The rcent stand-off at the Doklam trijunction between China, Bhutan and India was a way for China to browbeat this country and to get India to bend over backwards. That this country stood its ground and played down the confrontation was a tribute to its sagacity and strategic maturity.

It should be no surprise if the Chinese now change their tactics and put up a show of engaging India in an embrace.

Wily as they are, they realize that a terrorist haven like Pakistan can be a dicey friend in the long run. The killing of two Chinese nationals in Pakistan has presented a reality check moment for China. An article published by the Chinese government organ Global Times recently said,” Pakistan is known for its poor security record, and has long been a hotbed of international terrorism. This may pose a severe threat to China’s projects in the region.” The two Chinese nationals were kidnapped in Pakistan’s Baluchistan province and allegedly killed by the Islamic State (IS).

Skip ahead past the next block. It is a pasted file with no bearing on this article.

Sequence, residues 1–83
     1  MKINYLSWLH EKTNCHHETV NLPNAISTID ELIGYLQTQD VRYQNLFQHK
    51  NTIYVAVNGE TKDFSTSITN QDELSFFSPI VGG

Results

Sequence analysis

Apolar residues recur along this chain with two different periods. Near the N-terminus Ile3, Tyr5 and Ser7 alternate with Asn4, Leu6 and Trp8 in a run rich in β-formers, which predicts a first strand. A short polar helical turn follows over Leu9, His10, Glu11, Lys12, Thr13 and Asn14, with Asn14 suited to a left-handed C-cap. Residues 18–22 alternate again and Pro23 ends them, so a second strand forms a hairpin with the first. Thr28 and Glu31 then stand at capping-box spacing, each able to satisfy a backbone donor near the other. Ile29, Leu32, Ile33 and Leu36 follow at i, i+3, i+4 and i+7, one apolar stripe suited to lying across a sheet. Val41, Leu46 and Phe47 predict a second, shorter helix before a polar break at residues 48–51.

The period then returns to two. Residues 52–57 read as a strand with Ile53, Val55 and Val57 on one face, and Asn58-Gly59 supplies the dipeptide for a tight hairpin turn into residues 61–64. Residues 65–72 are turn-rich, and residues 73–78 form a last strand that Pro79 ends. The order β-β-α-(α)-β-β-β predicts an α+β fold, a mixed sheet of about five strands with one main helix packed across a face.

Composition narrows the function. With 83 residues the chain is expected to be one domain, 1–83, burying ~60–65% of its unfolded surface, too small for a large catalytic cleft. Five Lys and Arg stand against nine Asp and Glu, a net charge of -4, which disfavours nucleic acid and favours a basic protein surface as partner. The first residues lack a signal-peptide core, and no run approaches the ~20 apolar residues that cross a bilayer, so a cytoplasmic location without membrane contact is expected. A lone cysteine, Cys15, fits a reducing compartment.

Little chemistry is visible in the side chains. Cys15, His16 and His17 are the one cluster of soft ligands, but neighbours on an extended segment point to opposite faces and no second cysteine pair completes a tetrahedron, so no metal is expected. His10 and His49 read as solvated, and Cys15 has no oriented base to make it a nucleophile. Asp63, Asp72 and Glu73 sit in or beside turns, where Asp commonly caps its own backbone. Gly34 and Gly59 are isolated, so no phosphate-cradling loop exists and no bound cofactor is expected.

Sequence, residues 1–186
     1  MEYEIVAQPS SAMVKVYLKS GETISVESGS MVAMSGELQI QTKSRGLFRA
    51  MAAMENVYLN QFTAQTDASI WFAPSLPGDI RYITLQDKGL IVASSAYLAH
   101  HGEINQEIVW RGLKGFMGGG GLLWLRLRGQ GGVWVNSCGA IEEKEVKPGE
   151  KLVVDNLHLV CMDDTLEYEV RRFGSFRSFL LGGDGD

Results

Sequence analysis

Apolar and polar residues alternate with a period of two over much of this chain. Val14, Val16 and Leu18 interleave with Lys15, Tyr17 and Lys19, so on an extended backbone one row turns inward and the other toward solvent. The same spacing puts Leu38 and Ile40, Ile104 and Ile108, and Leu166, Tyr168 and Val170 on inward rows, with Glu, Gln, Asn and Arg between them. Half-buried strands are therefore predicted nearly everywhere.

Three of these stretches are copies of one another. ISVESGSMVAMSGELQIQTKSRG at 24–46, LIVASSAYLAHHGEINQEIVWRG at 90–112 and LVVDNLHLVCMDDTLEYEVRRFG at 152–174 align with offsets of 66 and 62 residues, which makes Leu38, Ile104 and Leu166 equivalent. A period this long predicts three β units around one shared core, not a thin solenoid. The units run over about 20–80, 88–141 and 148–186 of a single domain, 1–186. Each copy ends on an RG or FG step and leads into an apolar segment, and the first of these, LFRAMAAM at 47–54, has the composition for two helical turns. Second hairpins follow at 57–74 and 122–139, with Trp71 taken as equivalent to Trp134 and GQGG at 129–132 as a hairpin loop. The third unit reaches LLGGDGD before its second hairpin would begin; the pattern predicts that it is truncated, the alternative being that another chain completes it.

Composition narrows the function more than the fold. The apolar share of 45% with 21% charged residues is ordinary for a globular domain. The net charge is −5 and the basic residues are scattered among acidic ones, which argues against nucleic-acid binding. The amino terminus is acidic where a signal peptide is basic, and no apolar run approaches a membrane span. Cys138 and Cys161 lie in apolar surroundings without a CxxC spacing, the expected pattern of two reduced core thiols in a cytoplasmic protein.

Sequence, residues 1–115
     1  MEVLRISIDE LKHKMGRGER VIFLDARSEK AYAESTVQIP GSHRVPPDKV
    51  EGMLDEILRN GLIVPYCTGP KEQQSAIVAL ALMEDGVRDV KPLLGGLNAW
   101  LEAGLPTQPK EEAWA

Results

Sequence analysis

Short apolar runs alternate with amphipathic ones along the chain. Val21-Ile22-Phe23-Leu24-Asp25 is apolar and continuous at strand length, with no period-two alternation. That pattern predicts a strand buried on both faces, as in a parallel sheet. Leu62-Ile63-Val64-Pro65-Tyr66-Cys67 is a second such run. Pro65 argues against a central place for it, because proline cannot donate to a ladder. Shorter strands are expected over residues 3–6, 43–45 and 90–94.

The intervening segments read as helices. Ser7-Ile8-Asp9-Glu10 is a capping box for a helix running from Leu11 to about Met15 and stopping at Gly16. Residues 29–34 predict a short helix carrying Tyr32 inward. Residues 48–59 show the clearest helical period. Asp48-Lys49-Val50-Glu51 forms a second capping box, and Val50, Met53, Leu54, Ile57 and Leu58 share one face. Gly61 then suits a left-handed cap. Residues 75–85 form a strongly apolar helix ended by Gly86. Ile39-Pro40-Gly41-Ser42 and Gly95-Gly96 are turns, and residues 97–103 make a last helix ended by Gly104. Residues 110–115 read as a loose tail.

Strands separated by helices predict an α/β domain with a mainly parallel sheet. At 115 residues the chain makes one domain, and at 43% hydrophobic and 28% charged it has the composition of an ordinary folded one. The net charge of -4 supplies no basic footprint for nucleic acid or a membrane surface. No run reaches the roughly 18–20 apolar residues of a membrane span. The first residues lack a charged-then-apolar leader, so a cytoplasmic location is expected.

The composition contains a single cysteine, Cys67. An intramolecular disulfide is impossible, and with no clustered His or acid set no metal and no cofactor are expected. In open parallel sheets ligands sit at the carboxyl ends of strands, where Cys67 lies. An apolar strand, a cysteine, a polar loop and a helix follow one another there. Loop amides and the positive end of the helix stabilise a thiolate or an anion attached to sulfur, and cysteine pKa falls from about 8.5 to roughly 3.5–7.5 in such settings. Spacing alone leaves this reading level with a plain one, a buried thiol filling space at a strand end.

Apprehensive of the shape of things to come the article said: “As an increasing number of Chinese enterprises are going global, the likelihood that China falls victim to international terrorist forces is correspondingly rising.” It expresses the Chinese dilemma succinctly when it adds: “It is a tough task for Beijing to strike a balance between security and the need to go global.

Considering that the CPEC runs through Pakistan-occupied Kashmir and the Chinese would be using Pakistan’s Gwadar port in Baluchistan where Baluchi rebels are active, China would increasingly see merit in cosying up to India to contain the Baluchis to the extent it can. The stick has been tried in Doklam so it may now be the turn of the carrot in Chinese policies towards India.